One part of MC USA going forward, I think, is finding a way more accurately to describe what has and is happening around these issues. A key element of this description is to realize that terms such as “impasse” (this is the term favored by Harold Miller in his Mennonite World Review essay, “Friendly conservative suggestions to progressives”) are not particularly accurate. Michael King is sharing some thoughtful and perceptive thoughts at his Kingsview blog called “Blogging Toward Kansas City.” I read him, though, as being careful to spread the responsibility for the current distress evenly across the spectrum.
My sense is that were we to seek accurately to name the situation, and not make sure to be “even-handed” and accepting of the more pleasant myth that this is a situation equally caused by all the stakeholders, we would be led to characterize it in different terms than “impasse.” We are facing a struggle over defining the identity of MC USA. But it is an interesting kind of struggle. To the extent we can, in a general sense, identify two “sides”—recognizing that many people are not identifying with either “side”—what we have had is a dynamic where the two sides are saying very different kinds of things.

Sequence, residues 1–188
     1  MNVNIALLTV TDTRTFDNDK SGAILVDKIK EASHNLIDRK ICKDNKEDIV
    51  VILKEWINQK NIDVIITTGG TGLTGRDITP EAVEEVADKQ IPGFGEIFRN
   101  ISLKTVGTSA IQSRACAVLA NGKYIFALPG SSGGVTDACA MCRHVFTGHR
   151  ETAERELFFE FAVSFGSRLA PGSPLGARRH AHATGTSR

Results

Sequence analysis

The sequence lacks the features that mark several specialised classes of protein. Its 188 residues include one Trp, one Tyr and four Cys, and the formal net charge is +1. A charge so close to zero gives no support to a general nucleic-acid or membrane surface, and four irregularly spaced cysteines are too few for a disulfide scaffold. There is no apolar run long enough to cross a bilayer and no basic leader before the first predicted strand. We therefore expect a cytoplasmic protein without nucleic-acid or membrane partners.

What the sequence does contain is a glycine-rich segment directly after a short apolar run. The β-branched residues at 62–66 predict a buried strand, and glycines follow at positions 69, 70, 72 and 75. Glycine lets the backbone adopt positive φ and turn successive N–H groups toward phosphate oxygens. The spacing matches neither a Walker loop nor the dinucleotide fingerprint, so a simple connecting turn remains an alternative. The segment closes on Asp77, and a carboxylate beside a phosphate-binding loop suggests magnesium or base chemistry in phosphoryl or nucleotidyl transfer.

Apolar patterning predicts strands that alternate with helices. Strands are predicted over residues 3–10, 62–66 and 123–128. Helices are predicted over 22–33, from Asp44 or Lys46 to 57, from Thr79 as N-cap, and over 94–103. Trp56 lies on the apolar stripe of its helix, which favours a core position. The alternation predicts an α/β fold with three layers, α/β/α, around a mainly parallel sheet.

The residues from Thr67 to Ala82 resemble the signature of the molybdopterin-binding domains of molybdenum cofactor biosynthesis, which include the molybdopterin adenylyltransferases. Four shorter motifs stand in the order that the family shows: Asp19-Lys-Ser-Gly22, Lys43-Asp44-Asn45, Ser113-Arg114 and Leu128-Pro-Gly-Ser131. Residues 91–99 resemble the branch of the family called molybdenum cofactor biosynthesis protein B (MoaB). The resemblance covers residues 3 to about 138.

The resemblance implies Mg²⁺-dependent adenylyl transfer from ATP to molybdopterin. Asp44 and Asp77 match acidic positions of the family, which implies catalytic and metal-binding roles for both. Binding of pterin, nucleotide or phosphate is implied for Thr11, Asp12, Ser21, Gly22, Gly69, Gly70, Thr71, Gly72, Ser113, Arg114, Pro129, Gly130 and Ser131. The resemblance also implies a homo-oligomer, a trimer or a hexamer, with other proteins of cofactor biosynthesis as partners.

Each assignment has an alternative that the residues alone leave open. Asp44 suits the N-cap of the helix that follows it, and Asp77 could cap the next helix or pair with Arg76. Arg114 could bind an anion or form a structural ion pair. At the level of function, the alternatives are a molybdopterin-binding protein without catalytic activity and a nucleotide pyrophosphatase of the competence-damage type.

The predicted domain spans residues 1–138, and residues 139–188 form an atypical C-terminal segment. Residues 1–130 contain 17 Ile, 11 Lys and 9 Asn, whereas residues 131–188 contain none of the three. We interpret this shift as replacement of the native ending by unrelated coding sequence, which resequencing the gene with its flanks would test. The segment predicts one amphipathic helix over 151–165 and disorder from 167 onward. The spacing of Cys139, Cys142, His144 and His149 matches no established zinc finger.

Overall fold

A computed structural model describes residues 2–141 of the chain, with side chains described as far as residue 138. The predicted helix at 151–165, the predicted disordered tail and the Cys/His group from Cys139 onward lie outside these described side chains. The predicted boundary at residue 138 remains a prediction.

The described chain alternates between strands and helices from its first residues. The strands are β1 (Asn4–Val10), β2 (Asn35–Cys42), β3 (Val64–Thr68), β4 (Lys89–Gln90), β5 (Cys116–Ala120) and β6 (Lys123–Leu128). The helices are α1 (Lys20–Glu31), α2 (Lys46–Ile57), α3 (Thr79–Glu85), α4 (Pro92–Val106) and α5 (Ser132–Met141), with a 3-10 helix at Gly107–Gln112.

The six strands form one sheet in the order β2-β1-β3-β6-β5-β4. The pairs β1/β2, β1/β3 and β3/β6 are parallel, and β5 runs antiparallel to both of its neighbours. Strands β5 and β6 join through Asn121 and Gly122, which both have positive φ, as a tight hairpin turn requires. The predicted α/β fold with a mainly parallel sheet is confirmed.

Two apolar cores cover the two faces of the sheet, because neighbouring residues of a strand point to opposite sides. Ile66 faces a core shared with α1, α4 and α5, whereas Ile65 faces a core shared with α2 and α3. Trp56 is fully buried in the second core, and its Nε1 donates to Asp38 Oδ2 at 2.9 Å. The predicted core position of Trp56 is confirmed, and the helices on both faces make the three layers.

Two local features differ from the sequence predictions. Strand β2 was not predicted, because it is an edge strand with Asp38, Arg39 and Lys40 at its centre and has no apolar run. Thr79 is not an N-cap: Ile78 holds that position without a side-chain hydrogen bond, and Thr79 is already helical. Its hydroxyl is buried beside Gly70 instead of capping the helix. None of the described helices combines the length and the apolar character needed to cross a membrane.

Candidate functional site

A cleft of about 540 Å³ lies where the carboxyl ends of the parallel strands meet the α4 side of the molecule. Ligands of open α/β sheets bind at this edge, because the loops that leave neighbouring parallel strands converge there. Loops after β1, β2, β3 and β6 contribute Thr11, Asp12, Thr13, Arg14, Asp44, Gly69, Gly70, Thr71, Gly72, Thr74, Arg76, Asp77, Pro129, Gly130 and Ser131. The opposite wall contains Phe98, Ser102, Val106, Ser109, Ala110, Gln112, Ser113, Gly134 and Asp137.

One “side” has said, we want to define MC USA with those of you on the other side (LGBTQ Mennonites and their allies) not being part of it, at least not as full participants on all levels. The other “side” has said simply we are part of this community and want to remain part of it and we fully accept that you who are more restrictive in your views are part of it as well. The threat causing the fellowship to “fragment” (Harold Miller’s term) has always been only from one side. The pro-inclusion people have always wanted to contribute to the community’s life and strengthen its sense of wholeness. The pro-restrictive people have been the only ones threatening to “fragment”—by working to exclude LGBTQ Mennos and those who advocate for inclusion, by threatening to leave if restrictive policies are not implemented, and by actually leaving and taking along with them as many as possible.